North Korea has condemned South Korean Foreign Minister Kang Kyung-wha for casting doubt over its claim that the country has had no coronavirus outbreaks, saying she will “pay dearly” for her comments and warning already strained ties across the Korean Peninsula could get worse, state media said on Wednesday.
Speaking at a forum over the weekend, Kang said the North had not responded to calls for cooperation on COVID-19, and that it was “hard to believe” the country had no cases of the disease.
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North Korea has not officially confirmed any infections, although it has said there have been thousands of “suspected cases”.
“It can be seen from the reckless remarks made by her without any consideration of the consequences that she is too eager to further chill the frozen relations between the north and south of Korea,” Kim Yo Jong, the sister of North Korean leader Kim Jong Un, said in a statement carried by the official KCNA news agency.
“We will never forget her words and she might have to pay dearly for it,” said Kim, who is a senior official in the ruling Workers’ Party and seen as the “de facto” second in command.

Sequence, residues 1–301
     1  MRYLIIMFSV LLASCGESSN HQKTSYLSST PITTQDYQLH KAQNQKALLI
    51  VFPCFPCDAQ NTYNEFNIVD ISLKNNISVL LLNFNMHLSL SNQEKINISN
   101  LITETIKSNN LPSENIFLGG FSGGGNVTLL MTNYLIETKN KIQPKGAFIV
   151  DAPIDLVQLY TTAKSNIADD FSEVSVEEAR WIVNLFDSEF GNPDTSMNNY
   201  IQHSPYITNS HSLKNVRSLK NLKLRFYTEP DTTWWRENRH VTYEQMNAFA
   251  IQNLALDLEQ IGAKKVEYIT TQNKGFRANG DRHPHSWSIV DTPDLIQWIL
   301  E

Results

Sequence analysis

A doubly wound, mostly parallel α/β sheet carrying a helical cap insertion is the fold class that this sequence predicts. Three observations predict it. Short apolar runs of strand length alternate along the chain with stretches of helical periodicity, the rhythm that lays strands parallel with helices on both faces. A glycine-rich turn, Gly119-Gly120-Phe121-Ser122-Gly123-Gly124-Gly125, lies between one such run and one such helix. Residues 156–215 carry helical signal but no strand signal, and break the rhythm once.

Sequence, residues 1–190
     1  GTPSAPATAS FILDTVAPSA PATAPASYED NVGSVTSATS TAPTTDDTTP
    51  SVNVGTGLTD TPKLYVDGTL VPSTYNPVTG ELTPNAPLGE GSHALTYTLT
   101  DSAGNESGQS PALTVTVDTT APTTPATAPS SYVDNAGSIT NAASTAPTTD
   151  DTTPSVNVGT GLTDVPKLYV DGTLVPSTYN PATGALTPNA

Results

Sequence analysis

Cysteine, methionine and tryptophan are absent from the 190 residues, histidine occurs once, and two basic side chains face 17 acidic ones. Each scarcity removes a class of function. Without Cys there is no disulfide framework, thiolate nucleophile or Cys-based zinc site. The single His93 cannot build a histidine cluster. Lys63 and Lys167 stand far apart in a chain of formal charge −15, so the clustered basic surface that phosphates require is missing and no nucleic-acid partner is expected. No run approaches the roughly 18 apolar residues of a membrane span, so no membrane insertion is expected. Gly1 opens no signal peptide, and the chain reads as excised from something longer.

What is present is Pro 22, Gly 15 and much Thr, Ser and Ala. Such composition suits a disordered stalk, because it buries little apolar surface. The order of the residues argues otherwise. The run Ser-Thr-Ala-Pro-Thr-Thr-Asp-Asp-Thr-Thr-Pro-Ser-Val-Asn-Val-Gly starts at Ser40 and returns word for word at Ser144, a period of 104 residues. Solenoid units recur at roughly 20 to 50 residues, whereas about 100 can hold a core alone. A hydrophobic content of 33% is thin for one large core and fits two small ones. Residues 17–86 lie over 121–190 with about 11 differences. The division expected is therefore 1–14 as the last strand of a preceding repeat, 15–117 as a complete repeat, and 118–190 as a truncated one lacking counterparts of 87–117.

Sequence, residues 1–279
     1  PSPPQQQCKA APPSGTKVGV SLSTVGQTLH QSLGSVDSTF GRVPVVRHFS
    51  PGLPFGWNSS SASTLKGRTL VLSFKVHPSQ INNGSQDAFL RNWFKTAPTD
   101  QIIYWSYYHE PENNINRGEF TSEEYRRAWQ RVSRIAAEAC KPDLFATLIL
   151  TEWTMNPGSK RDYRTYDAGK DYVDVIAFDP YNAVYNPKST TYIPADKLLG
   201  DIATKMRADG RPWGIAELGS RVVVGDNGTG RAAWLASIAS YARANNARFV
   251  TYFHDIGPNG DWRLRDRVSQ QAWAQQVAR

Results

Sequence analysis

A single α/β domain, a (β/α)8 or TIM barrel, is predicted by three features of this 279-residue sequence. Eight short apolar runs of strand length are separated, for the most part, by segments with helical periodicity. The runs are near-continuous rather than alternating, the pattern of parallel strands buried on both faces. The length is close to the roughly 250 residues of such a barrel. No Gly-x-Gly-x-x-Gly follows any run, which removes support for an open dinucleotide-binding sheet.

Relations between North and South have cooled since South Korean President Moon Jae-in and Kim Jong Un held three summits in 2018. In June, the North blew up the inter-Korean liaison office following a series of warnings from Kim Yo Jong about propaganda leaflets and the killing of a South Korean fisheries official in September added to the strain.
KCNA said last week that North Korea had imposed “top-class emergency measures” and Pyongyang placed on the highest level of alert against the coronavirus. The operations of public facilities, including restaurants and public bathhouses, were suspended and the movement of people in the capital restricted.
Seoul’s National Intelligence Service has said an outbreak in the North cannot be ruled out as the isolated country had trade and people-to-people exchanges with China, where the virus emerged a year ago, before the border was sealed in late January.
The KCNA report came as US Deputy Secretary of State Stephen Biegun, the Washington envoy on North Korea, held talks on what could be his last trip to the country, with US President Donald Trump due to leave office after losing last month’s election.
Denuclearisation talks have been stalled for months following a failed 2019 summit between Kim and Trump, which Moon had offered to mediate.
Talks between Biegun and officials from the South, taking place on Wednesday, were likely to focus on alliance cooperation and nuclear diplomacy, according to the Yonhap news agency. Biegun is due to meet the South’s Unification Minister on Thursday and Kang on Friday.
A new US administration under President-elect Joe Biden takes office in January. Pyongyang has not issued any formal response to the recent US election.